Share a definition of trustworthiness One possibility: When the evidence for the results reported is sound and when the argument made based on the results is strong Make strategies for achieving trustworthiness a formal component of all research designs

15 Qualitative Strategies for Trustworthiness
Identify threats to understanding (of social context, meanings, a group, etc.) in situ. Key Q: How could the researcher’s understandings be wrong?

16 Key References Maxwell, J. (1996). Qualitative research design: An interactive approach. Thousand Oaks, CA: Sage. Maxwell, J. (2002). Understanding and validity in qualitative research. In A.M. Huberman & M.B. Miles (Eds.) The qualitative researcher’s companion (pp ). Thousand Oaks, CA: Sage.

17 4 Kinds of Understandings that Qualitative Research Provides
Descriptive understanding Interpretive understanding Theoretical understanding Generalizability

18 Descriptive validity: Could the description be wrong?
Descriptive accounts must be factually accurate—where the physical, concrete, or behavioral details are agreed to by both researcher(s) and participants.

19 Main strategies to reduce threat:
Main threat: Inaccurate or incomplete evidence Main strategies to reduce threat: Detailed evidence Triangulation of data sources

20 Interpretive validity: Could the interpretation be wrong?
Interpretations must be meaningful to study participants, or meaningful from the participants’ perspective.

21 Main strategies to reduce threat:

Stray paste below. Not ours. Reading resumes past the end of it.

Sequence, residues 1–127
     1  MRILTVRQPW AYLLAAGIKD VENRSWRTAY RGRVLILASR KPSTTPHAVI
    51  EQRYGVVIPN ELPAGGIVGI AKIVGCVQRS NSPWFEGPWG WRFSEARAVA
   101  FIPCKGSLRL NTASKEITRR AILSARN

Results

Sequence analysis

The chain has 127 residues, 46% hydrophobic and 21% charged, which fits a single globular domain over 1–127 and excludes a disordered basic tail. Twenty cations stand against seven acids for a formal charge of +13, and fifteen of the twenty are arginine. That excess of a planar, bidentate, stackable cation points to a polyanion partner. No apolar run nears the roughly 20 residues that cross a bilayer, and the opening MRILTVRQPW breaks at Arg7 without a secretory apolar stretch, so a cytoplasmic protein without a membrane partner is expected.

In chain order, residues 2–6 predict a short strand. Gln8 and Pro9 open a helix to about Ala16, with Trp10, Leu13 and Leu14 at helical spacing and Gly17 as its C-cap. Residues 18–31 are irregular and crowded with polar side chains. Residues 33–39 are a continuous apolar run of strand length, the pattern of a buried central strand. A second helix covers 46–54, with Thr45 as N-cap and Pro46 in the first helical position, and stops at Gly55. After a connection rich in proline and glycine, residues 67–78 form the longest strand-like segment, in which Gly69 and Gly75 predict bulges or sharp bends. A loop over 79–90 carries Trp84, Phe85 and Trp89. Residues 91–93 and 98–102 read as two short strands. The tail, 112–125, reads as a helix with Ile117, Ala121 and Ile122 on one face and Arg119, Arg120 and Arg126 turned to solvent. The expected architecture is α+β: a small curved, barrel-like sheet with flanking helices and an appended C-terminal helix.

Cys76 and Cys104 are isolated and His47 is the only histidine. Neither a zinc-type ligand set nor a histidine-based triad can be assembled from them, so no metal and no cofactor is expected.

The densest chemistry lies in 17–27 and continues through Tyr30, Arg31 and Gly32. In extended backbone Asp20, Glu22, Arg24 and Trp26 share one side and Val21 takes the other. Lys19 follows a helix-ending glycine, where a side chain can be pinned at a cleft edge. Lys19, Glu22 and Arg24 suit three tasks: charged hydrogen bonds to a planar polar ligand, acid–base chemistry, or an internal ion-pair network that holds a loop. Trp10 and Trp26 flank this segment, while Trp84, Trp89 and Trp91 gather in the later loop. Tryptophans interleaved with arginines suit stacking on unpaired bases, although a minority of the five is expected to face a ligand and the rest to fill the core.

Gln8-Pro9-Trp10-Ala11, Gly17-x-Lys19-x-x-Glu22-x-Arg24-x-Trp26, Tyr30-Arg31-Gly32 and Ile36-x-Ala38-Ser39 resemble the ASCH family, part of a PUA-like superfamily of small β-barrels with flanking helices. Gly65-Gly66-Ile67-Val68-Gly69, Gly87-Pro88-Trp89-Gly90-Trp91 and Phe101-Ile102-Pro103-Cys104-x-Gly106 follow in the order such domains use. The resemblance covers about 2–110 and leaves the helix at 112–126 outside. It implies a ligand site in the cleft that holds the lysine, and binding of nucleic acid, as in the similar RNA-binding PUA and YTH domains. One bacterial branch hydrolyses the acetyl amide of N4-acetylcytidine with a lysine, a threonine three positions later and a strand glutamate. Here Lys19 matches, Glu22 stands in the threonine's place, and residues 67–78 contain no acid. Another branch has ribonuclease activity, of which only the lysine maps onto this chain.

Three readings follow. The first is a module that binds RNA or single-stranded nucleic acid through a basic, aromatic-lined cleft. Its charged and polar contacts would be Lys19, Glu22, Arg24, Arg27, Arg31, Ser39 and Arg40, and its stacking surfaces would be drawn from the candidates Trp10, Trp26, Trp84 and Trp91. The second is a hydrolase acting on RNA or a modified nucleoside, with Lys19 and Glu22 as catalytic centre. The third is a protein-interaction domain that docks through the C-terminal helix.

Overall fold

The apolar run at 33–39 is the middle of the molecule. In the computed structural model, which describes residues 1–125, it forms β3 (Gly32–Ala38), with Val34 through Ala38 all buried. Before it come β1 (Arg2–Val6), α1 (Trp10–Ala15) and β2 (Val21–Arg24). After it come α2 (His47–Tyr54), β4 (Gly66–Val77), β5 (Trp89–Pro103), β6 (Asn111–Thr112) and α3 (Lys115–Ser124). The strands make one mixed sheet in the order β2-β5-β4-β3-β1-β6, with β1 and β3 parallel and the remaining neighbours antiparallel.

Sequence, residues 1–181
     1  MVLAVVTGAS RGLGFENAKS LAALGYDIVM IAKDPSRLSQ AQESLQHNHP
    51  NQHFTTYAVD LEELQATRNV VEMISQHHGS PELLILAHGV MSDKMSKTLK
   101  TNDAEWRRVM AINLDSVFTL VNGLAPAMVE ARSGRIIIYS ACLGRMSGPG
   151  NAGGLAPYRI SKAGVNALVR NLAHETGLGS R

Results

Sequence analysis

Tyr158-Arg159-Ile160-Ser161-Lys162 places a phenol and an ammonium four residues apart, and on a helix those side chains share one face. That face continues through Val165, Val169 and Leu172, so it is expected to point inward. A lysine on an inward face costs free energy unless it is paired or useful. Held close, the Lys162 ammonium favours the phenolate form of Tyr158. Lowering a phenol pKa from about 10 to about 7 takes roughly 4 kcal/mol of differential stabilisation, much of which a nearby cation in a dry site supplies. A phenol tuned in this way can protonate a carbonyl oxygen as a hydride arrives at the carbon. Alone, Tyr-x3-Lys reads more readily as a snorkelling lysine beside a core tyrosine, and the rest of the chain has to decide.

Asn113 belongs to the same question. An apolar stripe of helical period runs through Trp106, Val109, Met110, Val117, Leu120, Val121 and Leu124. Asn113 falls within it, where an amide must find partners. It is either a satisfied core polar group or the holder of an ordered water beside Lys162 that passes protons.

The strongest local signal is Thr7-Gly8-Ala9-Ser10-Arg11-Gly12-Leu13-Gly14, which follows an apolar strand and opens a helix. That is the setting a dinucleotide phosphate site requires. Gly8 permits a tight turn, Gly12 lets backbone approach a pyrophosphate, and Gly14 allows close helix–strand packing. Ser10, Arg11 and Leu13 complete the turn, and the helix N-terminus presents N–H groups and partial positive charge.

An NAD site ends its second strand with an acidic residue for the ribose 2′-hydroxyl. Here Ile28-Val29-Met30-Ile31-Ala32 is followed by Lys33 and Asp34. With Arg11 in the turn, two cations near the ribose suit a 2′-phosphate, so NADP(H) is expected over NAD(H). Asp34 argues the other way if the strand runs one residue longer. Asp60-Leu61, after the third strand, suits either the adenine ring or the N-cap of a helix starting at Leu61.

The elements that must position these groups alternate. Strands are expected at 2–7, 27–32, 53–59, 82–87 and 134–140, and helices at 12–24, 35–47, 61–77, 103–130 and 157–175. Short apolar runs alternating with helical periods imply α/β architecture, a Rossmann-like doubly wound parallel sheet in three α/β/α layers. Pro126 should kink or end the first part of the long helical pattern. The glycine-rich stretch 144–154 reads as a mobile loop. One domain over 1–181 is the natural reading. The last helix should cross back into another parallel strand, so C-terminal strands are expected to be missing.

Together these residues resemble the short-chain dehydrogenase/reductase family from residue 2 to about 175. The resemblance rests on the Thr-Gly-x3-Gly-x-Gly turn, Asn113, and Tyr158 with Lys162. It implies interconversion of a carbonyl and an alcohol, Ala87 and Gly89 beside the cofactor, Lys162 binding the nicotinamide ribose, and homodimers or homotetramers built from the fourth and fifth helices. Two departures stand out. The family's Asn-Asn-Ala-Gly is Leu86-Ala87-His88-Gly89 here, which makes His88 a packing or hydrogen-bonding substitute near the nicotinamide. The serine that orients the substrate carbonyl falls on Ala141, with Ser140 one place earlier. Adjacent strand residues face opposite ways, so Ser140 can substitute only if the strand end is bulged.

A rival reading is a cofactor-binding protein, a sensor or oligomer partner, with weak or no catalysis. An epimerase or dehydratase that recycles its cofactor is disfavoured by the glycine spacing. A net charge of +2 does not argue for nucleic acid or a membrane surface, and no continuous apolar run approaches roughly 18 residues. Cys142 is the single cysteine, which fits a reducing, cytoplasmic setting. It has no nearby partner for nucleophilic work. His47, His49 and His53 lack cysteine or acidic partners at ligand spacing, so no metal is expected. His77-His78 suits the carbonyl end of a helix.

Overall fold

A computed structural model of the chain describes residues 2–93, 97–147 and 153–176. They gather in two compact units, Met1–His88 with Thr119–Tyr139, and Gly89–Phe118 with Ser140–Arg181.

Main threat: Imposing the researcher’s own perspective Main strategies to reduce threat: Systematic testing of emergent interpretations against participants’ words and actions Member checks

22 Theoretical validity: Could the theory be wrong?
A theory must provide a good explanation for the phenomena studied. Both the concepts and the relationships among them must be valid.

23 Main strategies to reduce threat:
Main threat: Discrepant data, negative cases, or rival explanations not taken seriously Main strategies to reduce threat: Systematic attempts to find discrepant data and disprove alternative explanations Consensus of other researchers

24 Qualitative generalization
2 kinds Internal (within group or site, but beyond those studied directly) External (to other groups or sites)

25 Main threat to internal generalizability:
Those observed and interviewed not typical of whole group Main strategy to reduce threat: Purposeful sampling Surveying

26 Main threats to external generalizability:
Phenomena studied is a special or idiosyncratic case Main strategies to reduce threat: Site selection Assess generalizability of theory or big idea, not findings

27 A Note on Reliability Qualitative research does not attempt to eliminate variance between researchers or the researcher’s influence on the setting. It does attempt to illuminate how a researcher’s values, expectations, and background influence the study.

28 Threat: Researcher’s influence unclear
Strategy: Audit trails

29 Conclusion General standards for qualitative (or quantitative) research in education are within our reach, but to get there, we must get passed epistemological battles and turn our attention squarely to standards for trustworthiness (validity) that are meaningful (relevant) and useful in our field.